Out of this world
The digital delight of Space versus Speed
Since 2000, we’ve had the Popsicko, Rocktopus, As Fast As (three albums), Spencer and the School Spirit Mafia, and now Space versus Speed. All with Spencer Albee as principle songwriter and frontman. Seven full-length records [this was first released in late 2010].
It seems like a lot until you consider Eric Clapton was with the Yardbirds, the Bluesbreakers, Cream, Blind Faith (for my money the best classic rock album of all time), Delaney and Bonnie, Derek and the Dominoes, and then fronted a solo record all between 1963 and 1970. Makes Albee look downright focused.
I don’t give a shit if he has a different band name every other Friday. I’ve never been disappointed, and I still listen to at least a few songs off every record he’s ever made. Every band has had its signature sound, filtered through a Beatles-pop lens Albee loves to apply. The most recent School Spirit Mafia was almost folksy, with lots of acoustic guitars and backing harmonies. It felt very super ego. Rational. Space versus Speed might be the record that is the most Spencer. The id. He used to like to throw these spacey keyboard lines into Rustic tunes, or tracks that were basically fine with just normal guitar-bass-drums voicing with As Fast As, because, well, he’s a keyboard player. But this album is keyboard centric, as though he finally realized that he didn’t need to front this band with a guitar. It’s all spacey keyboards, and guitars that sound like spacey keyboards, and bass that sounds like spacey keyboard. It’s a digital celebration.
It’s down, dirty, and probably the most fun thing he’s every done, too. It all started with the “iRok” single back in August. It was though Albee impressed himself with the melody line that runs through it, like he fell in love with it. I’m glad he did. Coming seventh on this 11-song disc, it is the album’s heart. A blast. And you can’t even really tell Albee sings on it. Saiyid Brent’s rap is certainly the song’s identity. But it’s the energy that matters. It’s undeniable.
Albee’s got other help, too. Horn player from the Mafia Jamie Colpoys (Fogcutters Big Band) gets a writing credit on “iRok,” and she’s now part of the band. As is Nate Nadeau (Conifer) on drums, Neil Collins (Lincolnville, Twisted Roots, Eldemur Krimm) on bass, and Walt Craven (Goud’s Thumb, 6gig, Lost on Liftoff) on guitar. That’s some serious talent and experience.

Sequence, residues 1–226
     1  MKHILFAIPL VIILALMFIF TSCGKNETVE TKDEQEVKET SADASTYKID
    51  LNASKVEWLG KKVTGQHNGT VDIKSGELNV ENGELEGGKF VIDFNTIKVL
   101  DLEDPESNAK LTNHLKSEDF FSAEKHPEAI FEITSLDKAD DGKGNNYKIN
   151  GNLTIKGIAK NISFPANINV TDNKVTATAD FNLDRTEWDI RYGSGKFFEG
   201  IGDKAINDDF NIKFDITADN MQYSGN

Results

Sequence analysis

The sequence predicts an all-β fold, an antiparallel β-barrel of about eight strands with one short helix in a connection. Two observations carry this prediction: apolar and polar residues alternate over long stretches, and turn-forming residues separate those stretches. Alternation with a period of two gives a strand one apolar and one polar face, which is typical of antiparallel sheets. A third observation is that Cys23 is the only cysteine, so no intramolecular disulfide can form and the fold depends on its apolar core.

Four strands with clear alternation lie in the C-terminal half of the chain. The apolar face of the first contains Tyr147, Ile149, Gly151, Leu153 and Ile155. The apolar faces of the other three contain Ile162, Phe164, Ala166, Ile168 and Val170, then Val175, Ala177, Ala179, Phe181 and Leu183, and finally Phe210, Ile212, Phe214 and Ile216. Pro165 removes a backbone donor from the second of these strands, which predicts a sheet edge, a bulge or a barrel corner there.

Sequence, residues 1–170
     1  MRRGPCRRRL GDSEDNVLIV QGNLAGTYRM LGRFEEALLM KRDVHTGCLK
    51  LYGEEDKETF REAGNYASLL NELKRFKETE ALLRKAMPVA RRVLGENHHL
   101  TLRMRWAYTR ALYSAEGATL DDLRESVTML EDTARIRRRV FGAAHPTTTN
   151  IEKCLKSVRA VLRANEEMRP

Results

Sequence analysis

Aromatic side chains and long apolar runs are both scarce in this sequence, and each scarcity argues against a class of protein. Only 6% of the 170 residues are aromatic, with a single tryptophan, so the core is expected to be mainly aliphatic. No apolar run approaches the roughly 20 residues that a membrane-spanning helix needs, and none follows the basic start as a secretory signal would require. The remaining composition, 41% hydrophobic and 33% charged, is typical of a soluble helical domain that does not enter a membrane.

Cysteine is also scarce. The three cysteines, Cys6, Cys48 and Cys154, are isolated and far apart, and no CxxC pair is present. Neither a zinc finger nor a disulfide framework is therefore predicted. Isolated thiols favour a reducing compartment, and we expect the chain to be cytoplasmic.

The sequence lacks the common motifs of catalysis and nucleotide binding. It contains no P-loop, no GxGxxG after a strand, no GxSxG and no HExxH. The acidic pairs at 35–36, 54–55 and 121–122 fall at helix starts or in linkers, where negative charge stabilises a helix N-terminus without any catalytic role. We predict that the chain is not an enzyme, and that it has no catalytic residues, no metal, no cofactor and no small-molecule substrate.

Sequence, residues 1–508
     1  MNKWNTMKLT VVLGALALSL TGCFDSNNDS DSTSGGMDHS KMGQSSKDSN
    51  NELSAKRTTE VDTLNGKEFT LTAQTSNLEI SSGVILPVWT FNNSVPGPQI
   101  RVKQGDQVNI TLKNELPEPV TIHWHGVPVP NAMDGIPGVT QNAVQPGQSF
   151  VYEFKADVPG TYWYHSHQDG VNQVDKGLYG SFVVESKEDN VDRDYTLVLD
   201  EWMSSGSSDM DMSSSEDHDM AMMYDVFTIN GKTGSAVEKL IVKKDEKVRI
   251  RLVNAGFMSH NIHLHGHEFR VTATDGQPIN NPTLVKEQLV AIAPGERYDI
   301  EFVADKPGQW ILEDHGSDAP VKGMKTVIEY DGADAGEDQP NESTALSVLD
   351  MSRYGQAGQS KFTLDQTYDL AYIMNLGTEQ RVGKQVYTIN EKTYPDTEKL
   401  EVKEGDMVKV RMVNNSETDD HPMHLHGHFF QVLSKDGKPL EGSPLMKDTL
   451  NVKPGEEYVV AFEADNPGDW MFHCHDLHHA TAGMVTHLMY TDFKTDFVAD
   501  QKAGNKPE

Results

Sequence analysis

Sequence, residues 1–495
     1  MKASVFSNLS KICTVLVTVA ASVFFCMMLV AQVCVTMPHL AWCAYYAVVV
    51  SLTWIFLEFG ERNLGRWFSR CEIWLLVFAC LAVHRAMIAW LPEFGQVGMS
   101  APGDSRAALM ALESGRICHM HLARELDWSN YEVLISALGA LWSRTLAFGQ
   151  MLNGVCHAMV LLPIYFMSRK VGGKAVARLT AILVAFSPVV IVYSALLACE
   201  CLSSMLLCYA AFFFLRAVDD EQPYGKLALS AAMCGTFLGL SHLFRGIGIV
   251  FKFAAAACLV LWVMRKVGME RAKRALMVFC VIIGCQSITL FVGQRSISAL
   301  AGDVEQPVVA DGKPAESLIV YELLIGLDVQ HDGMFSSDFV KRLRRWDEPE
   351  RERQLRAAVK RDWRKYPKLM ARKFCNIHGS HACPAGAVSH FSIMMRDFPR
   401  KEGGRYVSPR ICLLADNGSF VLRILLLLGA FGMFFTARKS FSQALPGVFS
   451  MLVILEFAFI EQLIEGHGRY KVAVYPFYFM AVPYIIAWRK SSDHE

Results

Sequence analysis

All but Collins get songwriting credits on the second single from the album, “Tea and Cocaine,” which opens with a melody line that sounds like a “power-up” in a Mario video game, and Albee vocals so distorted and mirrored by a robot voice that you could again hardly know it was him. But the song structure and melody are all Albee. There are few who write a catchier chorus, and this one delivers in full. Which makes the contrast with the video game stuff all the more jarring, like an ice cube on the back of the neck on a summer day. Bracing, but good. A little bit exhilarating.
“Indispensable,” the chorus of which is repurposed for Spose’s “Into Spose,” was cowritten by the Lucid’s Dominic Lavoie, and is a bit psychedelic like that. The chorus is “Florida Sunshine” good, as is Tim Emery’s lead guitar bit between the last two choruses. Lights out.
“Set It Off” has a wicked na-na-na vocal line. Wicked.
There is a line of heaviness that Albee edges across every once in a while that sounds somewhat forced – “Red Line Cannibal,” “AC15” – but Albee is pushing the envelope and a songwriter isn’t trying hard enough if some things don’t work 100 percent of the time.
He comes full-circle by the finish, with the song most like his oeuvre, “By Land As By Sea,” a straight pop-rock tune infused with a tinge of melancholy and no co-writers: “I’ve failed them, as captain/ How could I let this happen?/ And now I’m living with this.”
Failed? Not hardly.